Travelling to Mexico and Away
It’s a good drive down from the US and you’ll get to see humanity at its worst in the sleazy border towns of Tijuana and Mexicali. Most Americans don’t get any further and in truth it’s a long old two day journey down to Mexico City. It’s possibly a good escape route though if you’ve overstayed your American visa and plan on returning some time.
Flights from the US are around $300-400 return.
Very cheap flights to Mexico can be found from Europe, especially England if you get a charter deal from say http://www.cheapflights.co.uk – you could get a return for as low as $200-250.
Flying out of Mexico can be pricey though and don’t forget that there’s a 28 dollar departure tax when you go.
Heading south Mexico has borders with Belize and Guatemala. The most popular route into Guatemala is heading south from San Cristobal in a van to the border two hours away. It’s also possible to cross from the Yucatan by heading to Chetumal.
Belize is an easy journey heading south from Tulum in the Yucatan.
Travelling Around Mexico
Buses in Mexico are often more expensive than buses in the US or Europe. It seems insane that a country with so many poor should be so prohibitively expensive to travel around but there it is. Mexico is no longer the cheap backpacker’s paradise it once was.
There are various bus companies, with a few to choose from in most regions so compare prices and timings and make sure they suit you. There are also second class buses which often run from another bus terminal – these can be a great deal or they can mean breaking your journey into several parts. Again, work out what suits you on the spot.
Mexican buses often come supplied with freezing air conditioning. You can go from sweltering temperatures outside to an ice bucket and, if you’re dressed in shorts and t-shirt, you’ll probably have pneumonia by the time you arrive. Carry a blanket and some socks for the bus journeys, they can be life savers on long trips.
And, just to let you know that Mexico isn’t a third world country any more, the buses come supplied with TV sets and the latest Hollywood movies dubbed into Spanish or, if you’re lucky, only with subtitles.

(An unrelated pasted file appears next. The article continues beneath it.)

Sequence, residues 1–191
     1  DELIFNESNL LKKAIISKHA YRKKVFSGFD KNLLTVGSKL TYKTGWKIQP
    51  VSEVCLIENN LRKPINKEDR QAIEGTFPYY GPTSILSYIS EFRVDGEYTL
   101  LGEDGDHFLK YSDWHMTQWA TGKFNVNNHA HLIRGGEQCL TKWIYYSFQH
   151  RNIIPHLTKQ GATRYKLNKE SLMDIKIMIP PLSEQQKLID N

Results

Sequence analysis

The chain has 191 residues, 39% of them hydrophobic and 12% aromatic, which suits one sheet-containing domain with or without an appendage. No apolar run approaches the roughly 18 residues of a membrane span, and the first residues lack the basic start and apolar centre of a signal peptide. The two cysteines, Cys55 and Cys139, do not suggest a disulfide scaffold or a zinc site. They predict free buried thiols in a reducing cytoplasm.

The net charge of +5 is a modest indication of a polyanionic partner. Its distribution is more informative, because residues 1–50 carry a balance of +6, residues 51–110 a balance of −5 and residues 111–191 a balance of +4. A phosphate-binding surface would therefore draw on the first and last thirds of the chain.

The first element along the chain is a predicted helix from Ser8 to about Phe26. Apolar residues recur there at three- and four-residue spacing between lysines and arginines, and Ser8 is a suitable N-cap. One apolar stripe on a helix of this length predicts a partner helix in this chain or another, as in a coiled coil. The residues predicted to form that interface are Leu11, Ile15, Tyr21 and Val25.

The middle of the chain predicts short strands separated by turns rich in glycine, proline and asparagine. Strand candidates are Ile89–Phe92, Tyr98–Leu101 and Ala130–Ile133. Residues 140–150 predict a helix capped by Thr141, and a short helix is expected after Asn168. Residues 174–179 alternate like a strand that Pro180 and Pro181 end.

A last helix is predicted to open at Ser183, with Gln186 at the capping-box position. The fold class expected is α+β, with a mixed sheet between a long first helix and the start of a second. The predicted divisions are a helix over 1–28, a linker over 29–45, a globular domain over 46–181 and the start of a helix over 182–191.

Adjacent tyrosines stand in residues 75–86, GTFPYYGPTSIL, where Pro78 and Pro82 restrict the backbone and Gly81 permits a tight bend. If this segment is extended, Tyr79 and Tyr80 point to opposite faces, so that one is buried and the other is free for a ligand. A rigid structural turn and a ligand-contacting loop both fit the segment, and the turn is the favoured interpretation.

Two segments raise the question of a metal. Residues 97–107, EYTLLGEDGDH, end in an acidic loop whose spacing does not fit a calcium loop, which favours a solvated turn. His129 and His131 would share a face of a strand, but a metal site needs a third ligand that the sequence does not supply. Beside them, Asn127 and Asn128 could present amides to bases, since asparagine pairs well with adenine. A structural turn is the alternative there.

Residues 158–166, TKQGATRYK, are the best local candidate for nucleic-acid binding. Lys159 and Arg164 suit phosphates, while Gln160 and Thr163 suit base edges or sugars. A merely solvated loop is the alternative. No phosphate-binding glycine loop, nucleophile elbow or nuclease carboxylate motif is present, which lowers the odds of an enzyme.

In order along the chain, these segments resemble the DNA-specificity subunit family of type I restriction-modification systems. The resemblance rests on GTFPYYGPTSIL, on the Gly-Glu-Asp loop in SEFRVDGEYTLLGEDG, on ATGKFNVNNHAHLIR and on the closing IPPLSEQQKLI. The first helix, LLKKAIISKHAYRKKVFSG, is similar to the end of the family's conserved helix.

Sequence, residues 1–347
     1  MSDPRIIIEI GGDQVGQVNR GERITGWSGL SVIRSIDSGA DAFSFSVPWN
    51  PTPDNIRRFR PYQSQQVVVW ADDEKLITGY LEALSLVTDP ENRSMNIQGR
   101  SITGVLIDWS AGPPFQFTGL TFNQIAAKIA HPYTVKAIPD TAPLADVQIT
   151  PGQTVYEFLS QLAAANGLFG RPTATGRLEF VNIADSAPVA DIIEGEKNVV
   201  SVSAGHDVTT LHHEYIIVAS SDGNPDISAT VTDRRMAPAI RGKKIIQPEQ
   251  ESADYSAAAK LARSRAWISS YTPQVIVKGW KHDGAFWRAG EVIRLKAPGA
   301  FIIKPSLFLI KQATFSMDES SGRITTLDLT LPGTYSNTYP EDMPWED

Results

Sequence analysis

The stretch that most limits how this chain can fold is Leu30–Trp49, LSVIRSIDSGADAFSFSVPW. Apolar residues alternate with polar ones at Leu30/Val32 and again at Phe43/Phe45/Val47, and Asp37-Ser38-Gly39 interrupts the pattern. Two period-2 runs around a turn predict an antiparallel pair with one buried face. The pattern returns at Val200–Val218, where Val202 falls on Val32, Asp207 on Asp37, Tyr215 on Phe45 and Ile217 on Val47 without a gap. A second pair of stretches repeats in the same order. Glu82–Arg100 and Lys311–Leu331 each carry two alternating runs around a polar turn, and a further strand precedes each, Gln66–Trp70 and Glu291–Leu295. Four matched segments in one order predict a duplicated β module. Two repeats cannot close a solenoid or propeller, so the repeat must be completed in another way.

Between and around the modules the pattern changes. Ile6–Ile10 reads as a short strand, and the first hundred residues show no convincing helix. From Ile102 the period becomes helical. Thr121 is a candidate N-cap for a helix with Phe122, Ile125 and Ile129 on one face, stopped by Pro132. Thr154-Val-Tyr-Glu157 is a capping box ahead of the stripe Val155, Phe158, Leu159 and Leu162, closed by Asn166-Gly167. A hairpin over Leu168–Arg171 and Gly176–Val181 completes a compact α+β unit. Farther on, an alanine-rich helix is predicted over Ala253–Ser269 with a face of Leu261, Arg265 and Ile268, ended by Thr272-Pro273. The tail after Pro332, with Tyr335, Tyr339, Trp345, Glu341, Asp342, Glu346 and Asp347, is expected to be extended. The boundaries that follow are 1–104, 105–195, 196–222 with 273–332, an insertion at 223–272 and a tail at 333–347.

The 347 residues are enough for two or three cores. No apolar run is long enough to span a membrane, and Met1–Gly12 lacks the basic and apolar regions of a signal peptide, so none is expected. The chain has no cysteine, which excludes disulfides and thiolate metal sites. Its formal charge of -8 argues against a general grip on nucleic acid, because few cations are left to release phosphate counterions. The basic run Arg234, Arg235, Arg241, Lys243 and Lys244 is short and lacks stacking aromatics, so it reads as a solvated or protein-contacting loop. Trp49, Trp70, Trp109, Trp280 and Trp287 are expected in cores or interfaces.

There are only trains in the North of Mexico and these pass through some beautiful territory, making any difference in price quite worth the traveler’s while.
Mexico is pretty large and, as buses are so expensive, it’s often cheaper to fly from somewhere like Cancun to Mexico City than to go overland. Prices vary according to the season like in most places.
With bus prices so high hitchhiking is one of the only ways that many Mexicans can get around. It’s often expected that the traveler should give some cash to the driver to help with the gas – especially if you happen to be a rich gringo!
Cheap and efficient in most places and a good opportunity to make some cash like the Mexicans do by unstrapping your guitar and playing “Besame mucho” for spare change. Mexicans also come on to sell things like torches or lighters, often at good prices. Long live the free market.
Some routes are served only by the good old collective taxi in the shape of the mini bus. These are quick and reliable but you have to tell the driver where you want to stop.
Taxis are fairly cheap in Mexico though in Mexico City you’re best off not taking them in the street – too many travelers and Mexicans have been subjected to el viaje de millionario (the millionaire’s ride), an expression that comes from Colombia. Phone for a taxi whenever possible in D.F or take one from a hotel or restaurant.
In the rest of the country taxis are perfectly safe though.